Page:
JEP president, Patricia Linares, told reporters that of the 657 total applications for help through the special court, 540 submission requests were delivered by civil third parties and the remaining 117 by state agencies.
Linares also said that the cases will be analyzed one by one "to prevent people who would not have the right or the possibility of being admitted to the jurisdiction to try to do so."
The JEP is the backbone of the peace agreement signed between the Colombian state and the then Revolutionary Armed Forces of Colombia (FARC) insurgency in November 2016, after several years of negotiations in Havana, Cuba.
The court was created under the agreement to judge those responsible for war crimes during the conflict. The system was put in place as a way “to ensure accountability for what happened, guarantee the legal security of participants and guarantee the coexistence, reconciliation, and non-repetition of the conflict and thus ensure the transition from armed conflict to peace,” according to the government.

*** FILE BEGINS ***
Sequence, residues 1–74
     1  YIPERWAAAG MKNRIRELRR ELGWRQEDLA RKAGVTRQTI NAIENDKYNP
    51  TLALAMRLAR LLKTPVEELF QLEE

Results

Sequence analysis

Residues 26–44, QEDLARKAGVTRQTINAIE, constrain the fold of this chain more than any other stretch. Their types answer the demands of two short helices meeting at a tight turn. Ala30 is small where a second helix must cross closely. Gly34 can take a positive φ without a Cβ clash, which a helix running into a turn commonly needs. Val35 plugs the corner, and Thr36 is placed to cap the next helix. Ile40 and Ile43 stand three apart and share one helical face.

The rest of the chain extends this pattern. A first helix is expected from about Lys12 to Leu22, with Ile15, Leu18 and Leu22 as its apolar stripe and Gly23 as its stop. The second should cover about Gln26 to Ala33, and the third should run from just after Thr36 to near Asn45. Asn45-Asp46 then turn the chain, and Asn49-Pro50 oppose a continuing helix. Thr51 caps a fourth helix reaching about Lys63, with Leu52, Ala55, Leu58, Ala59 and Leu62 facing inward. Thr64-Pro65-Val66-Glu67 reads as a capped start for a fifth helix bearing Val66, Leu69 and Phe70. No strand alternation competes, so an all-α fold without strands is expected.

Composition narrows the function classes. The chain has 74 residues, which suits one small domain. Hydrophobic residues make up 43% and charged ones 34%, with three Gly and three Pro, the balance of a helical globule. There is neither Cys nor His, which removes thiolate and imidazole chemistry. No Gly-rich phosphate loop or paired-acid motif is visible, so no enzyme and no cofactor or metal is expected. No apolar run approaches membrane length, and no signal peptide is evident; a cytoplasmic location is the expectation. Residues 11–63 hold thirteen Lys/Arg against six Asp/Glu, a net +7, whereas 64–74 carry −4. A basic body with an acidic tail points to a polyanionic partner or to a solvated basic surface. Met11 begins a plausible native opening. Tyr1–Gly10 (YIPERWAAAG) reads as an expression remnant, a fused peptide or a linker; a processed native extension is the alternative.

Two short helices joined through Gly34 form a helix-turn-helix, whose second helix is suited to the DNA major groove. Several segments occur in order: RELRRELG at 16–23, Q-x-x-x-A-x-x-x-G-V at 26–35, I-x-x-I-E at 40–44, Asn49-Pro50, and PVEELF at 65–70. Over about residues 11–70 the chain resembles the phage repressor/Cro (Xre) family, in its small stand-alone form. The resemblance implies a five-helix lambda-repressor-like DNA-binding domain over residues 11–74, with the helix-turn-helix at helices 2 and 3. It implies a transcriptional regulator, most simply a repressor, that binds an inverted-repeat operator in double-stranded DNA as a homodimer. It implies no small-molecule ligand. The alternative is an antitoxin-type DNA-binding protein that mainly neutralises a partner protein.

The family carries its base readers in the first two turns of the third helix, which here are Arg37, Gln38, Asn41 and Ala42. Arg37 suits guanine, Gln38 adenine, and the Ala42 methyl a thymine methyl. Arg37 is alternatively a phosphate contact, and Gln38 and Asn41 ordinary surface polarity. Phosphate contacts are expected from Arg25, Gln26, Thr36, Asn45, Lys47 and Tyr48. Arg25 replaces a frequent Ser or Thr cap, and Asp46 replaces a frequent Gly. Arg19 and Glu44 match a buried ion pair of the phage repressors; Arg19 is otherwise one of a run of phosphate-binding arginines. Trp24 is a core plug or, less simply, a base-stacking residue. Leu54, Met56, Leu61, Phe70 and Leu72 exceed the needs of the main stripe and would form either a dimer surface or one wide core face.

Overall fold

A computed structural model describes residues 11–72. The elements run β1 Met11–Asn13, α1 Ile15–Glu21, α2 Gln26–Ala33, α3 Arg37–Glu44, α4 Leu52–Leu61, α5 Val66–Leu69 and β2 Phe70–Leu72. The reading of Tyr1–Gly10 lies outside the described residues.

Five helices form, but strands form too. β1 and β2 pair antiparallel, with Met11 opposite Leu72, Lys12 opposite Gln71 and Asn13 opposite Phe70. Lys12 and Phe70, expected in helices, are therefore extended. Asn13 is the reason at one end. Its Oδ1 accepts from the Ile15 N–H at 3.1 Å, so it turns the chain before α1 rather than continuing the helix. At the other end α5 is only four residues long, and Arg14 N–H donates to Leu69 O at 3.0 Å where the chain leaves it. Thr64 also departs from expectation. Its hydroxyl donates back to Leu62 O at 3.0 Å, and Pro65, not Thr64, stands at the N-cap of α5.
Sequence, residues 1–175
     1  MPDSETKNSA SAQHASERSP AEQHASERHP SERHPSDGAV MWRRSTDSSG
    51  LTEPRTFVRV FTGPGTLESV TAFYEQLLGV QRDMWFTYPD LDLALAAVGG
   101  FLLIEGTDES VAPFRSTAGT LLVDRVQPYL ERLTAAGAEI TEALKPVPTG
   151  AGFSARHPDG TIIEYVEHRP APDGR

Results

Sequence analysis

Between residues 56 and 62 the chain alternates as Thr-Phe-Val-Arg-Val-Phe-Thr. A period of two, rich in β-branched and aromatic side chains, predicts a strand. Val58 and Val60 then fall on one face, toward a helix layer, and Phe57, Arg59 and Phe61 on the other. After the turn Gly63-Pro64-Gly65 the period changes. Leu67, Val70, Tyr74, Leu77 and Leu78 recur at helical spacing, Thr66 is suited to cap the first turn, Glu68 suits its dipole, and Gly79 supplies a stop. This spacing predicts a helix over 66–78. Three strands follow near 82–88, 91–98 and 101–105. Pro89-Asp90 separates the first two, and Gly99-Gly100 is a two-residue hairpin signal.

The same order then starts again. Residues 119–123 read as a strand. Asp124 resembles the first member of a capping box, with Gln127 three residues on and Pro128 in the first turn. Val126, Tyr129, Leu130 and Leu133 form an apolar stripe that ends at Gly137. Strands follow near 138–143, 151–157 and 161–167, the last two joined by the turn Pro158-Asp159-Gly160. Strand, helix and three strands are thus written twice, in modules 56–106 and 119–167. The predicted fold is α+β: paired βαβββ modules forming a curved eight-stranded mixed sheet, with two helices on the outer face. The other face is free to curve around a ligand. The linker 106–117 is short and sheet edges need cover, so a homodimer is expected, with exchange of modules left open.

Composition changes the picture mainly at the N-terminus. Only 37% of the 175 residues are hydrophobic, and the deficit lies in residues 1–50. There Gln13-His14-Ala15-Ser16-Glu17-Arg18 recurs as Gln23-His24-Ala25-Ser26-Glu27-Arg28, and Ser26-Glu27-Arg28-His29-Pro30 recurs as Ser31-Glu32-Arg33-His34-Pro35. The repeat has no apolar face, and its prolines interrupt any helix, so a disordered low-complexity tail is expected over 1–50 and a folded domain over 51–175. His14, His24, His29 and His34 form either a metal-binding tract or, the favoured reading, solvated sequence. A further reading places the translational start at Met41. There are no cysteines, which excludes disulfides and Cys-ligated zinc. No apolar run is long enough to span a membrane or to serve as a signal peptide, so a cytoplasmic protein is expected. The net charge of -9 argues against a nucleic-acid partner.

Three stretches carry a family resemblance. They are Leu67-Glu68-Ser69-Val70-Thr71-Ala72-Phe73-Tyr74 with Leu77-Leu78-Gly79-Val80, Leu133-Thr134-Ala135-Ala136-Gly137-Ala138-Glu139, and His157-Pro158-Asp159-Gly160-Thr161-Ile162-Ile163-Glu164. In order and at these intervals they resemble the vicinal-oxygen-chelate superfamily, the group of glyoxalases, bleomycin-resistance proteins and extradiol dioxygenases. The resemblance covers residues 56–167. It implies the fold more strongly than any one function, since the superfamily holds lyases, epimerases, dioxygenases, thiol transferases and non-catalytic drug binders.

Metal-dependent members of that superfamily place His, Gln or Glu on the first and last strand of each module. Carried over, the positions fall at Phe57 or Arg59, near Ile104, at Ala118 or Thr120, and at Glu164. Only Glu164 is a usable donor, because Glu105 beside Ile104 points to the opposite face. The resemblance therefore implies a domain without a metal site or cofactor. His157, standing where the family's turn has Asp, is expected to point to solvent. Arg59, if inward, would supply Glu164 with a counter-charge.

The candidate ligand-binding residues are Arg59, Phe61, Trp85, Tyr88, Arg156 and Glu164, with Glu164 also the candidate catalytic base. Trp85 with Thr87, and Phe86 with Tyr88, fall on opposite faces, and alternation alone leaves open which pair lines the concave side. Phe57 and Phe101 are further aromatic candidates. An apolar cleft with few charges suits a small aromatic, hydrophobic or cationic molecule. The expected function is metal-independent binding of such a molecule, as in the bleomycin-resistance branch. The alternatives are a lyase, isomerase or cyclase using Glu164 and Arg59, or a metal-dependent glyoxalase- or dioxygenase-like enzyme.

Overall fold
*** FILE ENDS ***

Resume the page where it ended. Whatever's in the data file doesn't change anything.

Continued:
However, Colombian President Ivan Duque has strongly opposed the agreement since its inception and during his presidency. Last March, he tried, and failed to amend six articles of the law outlining the JEP court that would have further criminalized former FARC who were trying to remain in the system and return to civilian life.
Late last month, the FARC party announced in a communiqué that it would officially break with the system that upholds the JEP saying the special court has been manipulated by the current government of Duque.